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Dr. Rob’s Antibiotic Myths

March 8, 2008

With $4 antibiotic prescription availability popping up everywhere, you might be tempted to ask for or take these drugs “just in case.” For many of your common ailments, however, they’re neither needed nor effective. “Dr. Rob” addresses this very issue in his piece (intended as a patient handout), Common myths about infections and antibiotics. His list of common misconceptions includes:

  • If mucous is green, it is time for antibiotics.
  • When a fever starts, it is time for antibiotics.
  • Sinus pain means you need antibiotics.
  • Bronchitis requires antibiotics.

See his post for explanations of these and other common myths, and why it’s important to use antibiotics appropriately.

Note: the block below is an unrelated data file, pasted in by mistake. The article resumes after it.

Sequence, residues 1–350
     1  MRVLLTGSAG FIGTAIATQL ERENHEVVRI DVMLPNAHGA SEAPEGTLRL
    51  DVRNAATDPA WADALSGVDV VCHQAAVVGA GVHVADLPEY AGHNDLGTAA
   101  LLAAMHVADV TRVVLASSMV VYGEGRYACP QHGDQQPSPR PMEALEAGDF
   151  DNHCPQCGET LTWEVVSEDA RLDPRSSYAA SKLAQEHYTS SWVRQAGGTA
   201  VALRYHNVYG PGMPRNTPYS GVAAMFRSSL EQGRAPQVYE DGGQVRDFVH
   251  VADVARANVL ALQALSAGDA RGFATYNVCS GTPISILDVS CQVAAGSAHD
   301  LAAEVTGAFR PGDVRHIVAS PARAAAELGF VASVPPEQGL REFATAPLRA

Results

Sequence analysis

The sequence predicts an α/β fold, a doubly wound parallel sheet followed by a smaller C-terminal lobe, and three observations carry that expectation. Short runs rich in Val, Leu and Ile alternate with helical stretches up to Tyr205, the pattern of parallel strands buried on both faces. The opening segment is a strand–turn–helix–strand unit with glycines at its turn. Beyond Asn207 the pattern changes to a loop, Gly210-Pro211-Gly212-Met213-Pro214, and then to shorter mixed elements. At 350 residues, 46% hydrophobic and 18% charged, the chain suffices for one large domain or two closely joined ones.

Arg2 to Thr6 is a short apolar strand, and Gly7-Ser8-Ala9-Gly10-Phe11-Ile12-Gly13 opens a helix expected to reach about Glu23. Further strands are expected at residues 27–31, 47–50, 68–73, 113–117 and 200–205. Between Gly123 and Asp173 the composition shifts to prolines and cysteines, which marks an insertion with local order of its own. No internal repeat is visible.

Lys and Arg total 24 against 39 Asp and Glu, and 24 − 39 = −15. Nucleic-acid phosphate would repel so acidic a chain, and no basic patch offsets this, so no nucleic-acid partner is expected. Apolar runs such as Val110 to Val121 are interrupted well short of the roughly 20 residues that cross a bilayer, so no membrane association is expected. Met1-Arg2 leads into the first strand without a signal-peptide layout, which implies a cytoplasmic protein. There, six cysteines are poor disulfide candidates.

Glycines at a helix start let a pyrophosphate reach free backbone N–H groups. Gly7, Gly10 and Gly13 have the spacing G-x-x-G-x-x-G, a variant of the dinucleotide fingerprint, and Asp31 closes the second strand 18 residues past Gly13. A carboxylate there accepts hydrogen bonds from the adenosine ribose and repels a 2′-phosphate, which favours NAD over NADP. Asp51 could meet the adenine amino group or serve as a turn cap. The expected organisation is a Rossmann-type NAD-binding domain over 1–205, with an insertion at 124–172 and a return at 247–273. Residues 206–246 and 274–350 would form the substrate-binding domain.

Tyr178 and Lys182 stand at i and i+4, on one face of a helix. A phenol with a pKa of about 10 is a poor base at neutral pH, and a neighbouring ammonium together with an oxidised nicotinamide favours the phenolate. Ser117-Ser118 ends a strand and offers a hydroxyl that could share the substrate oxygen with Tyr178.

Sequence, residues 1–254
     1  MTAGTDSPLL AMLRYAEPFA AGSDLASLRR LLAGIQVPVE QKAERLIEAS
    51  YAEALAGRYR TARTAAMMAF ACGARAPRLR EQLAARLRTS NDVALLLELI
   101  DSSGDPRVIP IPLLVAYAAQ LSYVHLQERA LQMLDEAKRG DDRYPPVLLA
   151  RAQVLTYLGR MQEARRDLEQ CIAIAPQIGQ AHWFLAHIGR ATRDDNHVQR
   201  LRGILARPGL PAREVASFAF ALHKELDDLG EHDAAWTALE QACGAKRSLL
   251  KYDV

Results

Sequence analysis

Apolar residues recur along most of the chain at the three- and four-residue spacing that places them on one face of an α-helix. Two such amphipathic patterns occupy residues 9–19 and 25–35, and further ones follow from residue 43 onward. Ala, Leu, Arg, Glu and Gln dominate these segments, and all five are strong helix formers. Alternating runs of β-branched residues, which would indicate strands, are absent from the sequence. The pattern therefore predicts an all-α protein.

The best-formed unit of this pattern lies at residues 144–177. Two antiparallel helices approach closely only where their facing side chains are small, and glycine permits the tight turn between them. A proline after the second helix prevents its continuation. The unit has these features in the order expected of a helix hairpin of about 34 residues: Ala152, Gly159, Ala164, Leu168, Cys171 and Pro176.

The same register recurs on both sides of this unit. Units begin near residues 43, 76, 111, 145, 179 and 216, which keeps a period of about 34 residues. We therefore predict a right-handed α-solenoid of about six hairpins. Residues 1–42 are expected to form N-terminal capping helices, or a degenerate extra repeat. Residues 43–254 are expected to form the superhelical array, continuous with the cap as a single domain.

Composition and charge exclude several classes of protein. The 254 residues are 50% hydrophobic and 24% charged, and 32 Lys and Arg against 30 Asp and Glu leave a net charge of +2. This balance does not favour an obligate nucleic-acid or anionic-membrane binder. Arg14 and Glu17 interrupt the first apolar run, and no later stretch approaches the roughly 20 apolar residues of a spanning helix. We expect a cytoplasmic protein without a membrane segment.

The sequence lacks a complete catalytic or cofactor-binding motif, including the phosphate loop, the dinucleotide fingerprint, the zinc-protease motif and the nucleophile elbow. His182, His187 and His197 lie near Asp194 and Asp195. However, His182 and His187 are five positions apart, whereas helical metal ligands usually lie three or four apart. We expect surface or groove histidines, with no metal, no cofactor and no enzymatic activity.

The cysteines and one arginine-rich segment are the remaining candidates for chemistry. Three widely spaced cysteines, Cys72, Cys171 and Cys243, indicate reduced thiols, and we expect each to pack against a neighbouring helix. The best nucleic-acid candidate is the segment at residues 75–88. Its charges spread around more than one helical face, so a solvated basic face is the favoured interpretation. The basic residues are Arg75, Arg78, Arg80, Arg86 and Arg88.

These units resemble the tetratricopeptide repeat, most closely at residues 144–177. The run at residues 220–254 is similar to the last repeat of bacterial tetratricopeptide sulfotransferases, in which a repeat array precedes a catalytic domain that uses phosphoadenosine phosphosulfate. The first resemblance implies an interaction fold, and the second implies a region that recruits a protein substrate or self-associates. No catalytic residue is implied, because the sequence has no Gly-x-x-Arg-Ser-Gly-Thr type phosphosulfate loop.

The husband recently had a little bronchitis – he didn’t really need medical care, but did need a note for work (aggravating – sometimes bureaucracy overrides the best medical judgment, and common sense to boot). He was told to keep doing what he was doing (rest, liquids, a mucous loosener), and given, on a Friday, an antibiotic prescription, and was told *only* to use it if he didn’t get better. Sure enough, he was ready to work on Monday, prescription unfilled. Your mileage may vary, but do keep in mind Dr. Rob’s (and your own healthcare provider’s) advice. The CDC also has a good set of frequently asked questions to help people understand antibiotic resistance and the best use of the drugs.


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